WASHINGTON The water flowing through Venice's famous canals laps at buildings a little higher every year and not only because of a rising sea level. Although previous studies had found that Venice has stabilized, new measurements indicate that the historic city continues to slowly sink, and even to tilt slightly to the east.
"Venice appears to be continuing to subside, at a rate of about 2 millimeters a year," said Yehuda Bock, a research geodesist with Scripps Institution of Oceanography at the University of California, San Diego, in La Jolla, Calif., and the lead author of the new article on the city's downward drift. "It's a small effect, but it's important," he added. Given that sea level is rising in the Venetian lagoon, also at 2mm per year, the slight subsidence doubles the rate at which the heights of surrounding waters are increasing relative to the elevation of the city, he noted. In the next 20 years, if Venice and its immediate surroundings subsided steadily at the current rate, researchers would expect the land to sink up to 80 mm (3.2 inches) in that period of time, relative to the sea.
Bock worked with colleagues from the University of Miami in Florida and Italy's Tele-Rilevamento Europa, a company that measures ground deformation, to analyze data collected by GPS and space-borne radar (InSAR) instruments regarding Venice and its lagoon. The GPS measurements provide absolute elevations, while the InSAR data are used to calculate elevations relative to other points. By combining the two datasets from the decade between 2000 and 2010, Bock and his colleagues found that the city of Venice was subsiding on average of 1 to 2 mm a year (0.04 to 0.08 inches per year). The patches of land in Venice's lagoon (117 islands in all) are also sinking, they found, with northern sections of the lagoon dropping at a rate of 2 to 3 mm (0.08 to 0.12 inches) per year, and the southern lagoon subsiding at 3 to 4 mm (0.12 to 0.16 inches) per year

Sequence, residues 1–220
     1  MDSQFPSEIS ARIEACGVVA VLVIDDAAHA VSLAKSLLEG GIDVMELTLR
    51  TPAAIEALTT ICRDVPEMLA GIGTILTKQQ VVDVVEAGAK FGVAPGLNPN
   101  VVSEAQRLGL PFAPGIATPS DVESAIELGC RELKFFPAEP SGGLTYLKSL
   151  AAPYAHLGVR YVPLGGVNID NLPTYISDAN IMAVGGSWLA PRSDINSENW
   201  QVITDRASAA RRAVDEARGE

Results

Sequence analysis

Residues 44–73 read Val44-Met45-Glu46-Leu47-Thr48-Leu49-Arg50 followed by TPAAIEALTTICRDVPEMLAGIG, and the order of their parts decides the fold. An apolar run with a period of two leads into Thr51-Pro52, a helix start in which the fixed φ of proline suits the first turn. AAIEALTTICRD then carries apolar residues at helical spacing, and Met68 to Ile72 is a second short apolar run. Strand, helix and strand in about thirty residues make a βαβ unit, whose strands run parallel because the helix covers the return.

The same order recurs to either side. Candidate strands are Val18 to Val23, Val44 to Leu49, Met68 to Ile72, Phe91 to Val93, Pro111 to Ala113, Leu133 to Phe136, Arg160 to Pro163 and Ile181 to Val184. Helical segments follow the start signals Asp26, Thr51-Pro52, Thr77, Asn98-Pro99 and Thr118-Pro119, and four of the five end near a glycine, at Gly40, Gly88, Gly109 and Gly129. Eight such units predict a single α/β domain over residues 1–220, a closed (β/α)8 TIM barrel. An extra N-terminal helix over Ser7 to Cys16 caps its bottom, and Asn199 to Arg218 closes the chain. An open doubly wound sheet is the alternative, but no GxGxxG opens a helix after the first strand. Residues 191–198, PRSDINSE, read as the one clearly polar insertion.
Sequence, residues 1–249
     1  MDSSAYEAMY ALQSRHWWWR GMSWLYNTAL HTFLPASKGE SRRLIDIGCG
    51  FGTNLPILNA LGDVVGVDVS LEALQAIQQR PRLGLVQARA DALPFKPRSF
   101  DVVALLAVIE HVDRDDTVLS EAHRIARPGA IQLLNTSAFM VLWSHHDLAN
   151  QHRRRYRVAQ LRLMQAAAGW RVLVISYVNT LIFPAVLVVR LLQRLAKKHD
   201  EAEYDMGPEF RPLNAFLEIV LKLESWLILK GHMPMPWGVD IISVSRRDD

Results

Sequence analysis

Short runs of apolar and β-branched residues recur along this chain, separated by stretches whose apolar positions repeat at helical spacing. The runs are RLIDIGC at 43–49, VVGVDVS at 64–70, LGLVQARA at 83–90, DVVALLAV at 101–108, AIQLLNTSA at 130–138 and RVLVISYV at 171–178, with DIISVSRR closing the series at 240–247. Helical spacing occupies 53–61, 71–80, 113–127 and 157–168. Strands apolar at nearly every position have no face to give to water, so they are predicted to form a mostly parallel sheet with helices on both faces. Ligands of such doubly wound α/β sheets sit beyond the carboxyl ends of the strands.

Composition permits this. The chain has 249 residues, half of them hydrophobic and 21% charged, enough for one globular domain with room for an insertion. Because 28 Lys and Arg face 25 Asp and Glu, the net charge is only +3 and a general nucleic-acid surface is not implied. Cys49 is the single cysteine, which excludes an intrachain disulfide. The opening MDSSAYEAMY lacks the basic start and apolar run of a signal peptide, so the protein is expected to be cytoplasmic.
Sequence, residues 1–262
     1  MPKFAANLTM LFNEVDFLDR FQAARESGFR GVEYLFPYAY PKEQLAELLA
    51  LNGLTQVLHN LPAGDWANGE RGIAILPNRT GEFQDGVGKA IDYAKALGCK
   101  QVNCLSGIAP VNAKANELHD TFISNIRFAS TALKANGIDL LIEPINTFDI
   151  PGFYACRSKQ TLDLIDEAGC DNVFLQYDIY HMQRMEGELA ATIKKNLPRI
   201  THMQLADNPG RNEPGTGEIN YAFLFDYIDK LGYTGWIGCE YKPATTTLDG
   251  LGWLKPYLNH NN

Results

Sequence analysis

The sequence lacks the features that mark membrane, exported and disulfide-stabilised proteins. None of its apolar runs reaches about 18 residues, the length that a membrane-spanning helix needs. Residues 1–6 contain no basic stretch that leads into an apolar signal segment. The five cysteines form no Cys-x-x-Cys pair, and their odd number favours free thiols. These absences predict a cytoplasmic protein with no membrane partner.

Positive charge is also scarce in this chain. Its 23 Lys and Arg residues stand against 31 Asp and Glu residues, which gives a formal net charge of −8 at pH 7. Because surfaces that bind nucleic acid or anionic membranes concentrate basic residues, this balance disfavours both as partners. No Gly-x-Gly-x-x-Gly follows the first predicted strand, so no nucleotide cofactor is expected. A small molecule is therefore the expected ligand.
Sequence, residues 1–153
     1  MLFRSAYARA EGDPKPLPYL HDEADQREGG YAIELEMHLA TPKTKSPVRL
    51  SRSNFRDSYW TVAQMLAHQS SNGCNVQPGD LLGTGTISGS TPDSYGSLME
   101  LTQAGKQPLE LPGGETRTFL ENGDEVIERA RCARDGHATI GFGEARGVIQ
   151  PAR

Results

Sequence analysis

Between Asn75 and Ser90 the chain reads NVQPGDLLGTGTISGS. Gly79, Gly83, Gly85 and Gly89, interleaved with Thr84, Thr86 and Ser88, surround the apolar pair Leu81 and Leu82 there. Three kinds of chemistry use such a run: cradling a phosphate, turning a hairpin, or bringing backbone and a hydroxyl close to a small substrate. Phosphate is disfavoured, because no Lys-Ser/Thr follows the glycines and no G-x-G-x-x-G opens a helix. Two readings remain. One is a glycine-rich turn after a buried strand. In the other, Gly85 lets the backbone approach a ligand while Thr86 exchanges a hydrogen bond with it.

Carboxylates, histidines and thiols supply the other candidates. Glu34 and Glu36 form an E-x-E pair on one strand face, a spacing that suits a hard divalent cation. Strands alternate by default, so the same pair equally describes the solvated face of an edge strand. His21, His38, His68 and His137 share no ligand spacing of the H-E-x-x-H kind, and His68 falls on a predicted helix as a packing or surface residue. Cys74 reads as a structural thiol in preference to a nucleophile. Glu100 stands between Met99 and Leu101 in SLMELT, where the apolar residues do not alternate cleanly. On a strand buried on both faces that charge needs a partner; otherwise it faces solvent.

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American Geophysical Union